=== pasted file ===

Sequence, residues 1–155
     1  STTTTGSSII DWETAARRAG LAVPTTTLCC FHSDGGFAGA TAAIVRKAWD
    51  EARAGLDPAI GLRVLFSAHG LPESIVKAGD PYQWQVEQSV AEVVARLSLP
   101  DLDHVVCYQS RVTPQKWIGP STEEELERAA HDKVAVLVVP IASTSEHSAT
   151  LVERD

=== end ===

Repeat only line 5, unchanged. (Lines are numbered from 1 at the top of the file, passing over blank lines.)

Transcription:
   151  LVERD